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A complete guide explaining how and why you should use the cash envelope system.

If you’ve been researching different ways to budget your money, then you’ve probably heard of the cash envelope method. 

It’s a popular system because it offers an easier way to track your spending which is one of the biggest budget challenges that many people struggle with. 

The premise of the system is to stick to the amount of money you determined for each of your budget categories using cash to make you aware of where your money is going

The cash envelope system has been around for decades and has been popularized by Dave Ramsey’s Baby Steps.

If you are reading this, then you probably are wondering exactly how does the cash envelope system work so let’s dive in….

budget envelopes

 

How does the cash envelope system work?

Using the cash envelope system is pretty straight forward, even if you are new to budgeting. Just follow the four steps below and you’ll be golden.

 

1. Set up your budget categories

 

The first thing you’ll want to do is brainstorm a handful of budget categories that you’ll want to track. 

Unlike a traditional budget, you’ll want to keep your budget categories to a minimum, 5 – 10 categories work best to keep your envelopes more manageable.

This will make things easier and minimize the number of cash envelopes you’ll need to manage by grouping like expenses together. 

For example, you might want one envelope for your fixed monthly expenses. This category is pretty straight forward since these are “fixed” bills and you generally pay the same amount from month to month. 

You’ll also want to create a cash envelope for discretionary spending as well since this is one of the biggest budget busters for most people.

Below is a short-list of popular categories to give you an idea of how to set up your envelopes. You by no means have to stick with these if you don’t want to. 

Do whatever works best for you and your situation to make things easier on yourself.

Cash Envelope Category Examples:

Fixed Monthly Expenses

Discretionary Expenses

Groceries & Household Expenses

Transportation 

Entertainment

Clothing

Gift Giving

 

 

2. Determine a monthly amount for each budget category

 

Step 2 is to determine the monthly amounts to a lot to each of the cash envelope categories that you determined in step 1. 

But before you do this, you’ll first need to know your total monthly income to make sure you don’t spend more money than you are bringing into the household.

Then you’ll want to make sure all your fixed expenses such as your mortgage, car payments, utilities, etc. are taken care of.

After you complete the first two steps, you can then divide the remaining cash into your categories.

It’s important to note here that this probably won’t be the amounts you add to your money envelopes unless of course, you are paid on a monthly basis.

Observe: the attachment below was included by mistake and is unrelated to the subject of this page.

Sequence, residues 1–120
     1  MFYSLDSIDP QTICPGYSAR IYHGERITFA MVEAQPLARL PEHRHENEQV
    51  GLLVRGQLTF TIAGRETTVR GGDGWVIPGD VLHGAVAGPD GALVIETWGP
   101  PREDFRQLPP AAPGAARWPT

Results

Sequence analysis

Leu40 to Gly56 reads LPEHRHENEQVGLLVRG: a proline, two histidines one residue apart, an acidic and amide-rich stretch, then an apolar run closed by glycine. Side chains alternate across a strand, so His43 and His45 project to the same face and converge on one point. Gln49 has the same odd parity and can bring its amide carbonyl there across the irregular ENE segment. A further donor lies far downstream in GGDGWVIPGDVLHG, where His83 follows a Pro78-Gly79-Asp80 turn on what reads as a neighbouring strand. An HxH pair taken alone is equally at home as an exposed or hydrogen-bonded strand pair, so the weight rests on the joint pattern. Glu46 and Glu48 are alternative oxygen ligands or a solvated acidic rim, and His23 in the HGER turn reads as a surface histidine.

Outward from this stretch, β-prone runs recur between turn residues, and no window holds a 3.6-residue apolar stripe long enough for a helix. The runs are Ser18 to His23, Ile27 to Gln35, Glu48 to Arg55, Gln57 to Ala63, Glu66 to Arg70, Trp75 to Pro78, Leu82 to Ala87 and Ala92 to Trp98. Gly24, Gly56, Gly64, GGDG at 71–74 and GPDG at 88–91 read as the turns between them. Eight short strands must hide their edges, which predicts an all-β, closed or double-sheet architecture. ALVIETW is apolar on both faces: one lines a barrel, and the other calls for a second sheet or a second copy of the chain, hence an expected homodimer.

Since most people get paid on a weekly or bi-weekly basis, you’ll need to determine how much to add to your envelopes based on how often you are paid.

So if you are paid weekly, you’ll need to divide the monthly amount by 4. This will be your weekly contribution to each specific category. If you are paid bi-weekly, you’d divide the monthly amount by 2.

Then when payday rolls around, you simply cash your paycheck and divide your money and fill your envelopes with the predetermined amounts.

 

3. Spend only what’s in your budget envelopes

 

Now that you have your cash envelope system set up, what you are going to do is use the cash within your envelopes to pay for your expenses and purchases.

It does take some getting used to and you’ll need to be mindful of which envelope you need to grab money out of when in checkout lines. 

Last, but most importantly, you are only able to spend the allotted money within your envelopes. 

So when the money’s gone, it’s gone and you’ll have to wait to make a purchase until you replenish your envelopes.

You may be templated to grab a few bucks from another envelope to get by until your next payday. 

This would defeat the purpose of using this cash-only budgeting method since one of it’s biggest benefits is to make you aware of where your money is going and to stick to the amount you originally budgeted in each category. 

 

4. Tracking your money using the envelope methods

 

Another big benefit of using the cash envelope system is that there is no need to track how much you are sending in each category every month since you are allotting a specific amount. 

But with that said, you’ll probably want to keep an eye on how much money you have remaining until payday to avoid a sticky situation. 

Luckily, most cash envelope templates have an expense log right on the envelopes which makes it really easy to track how much money you have remaining in your envelopes.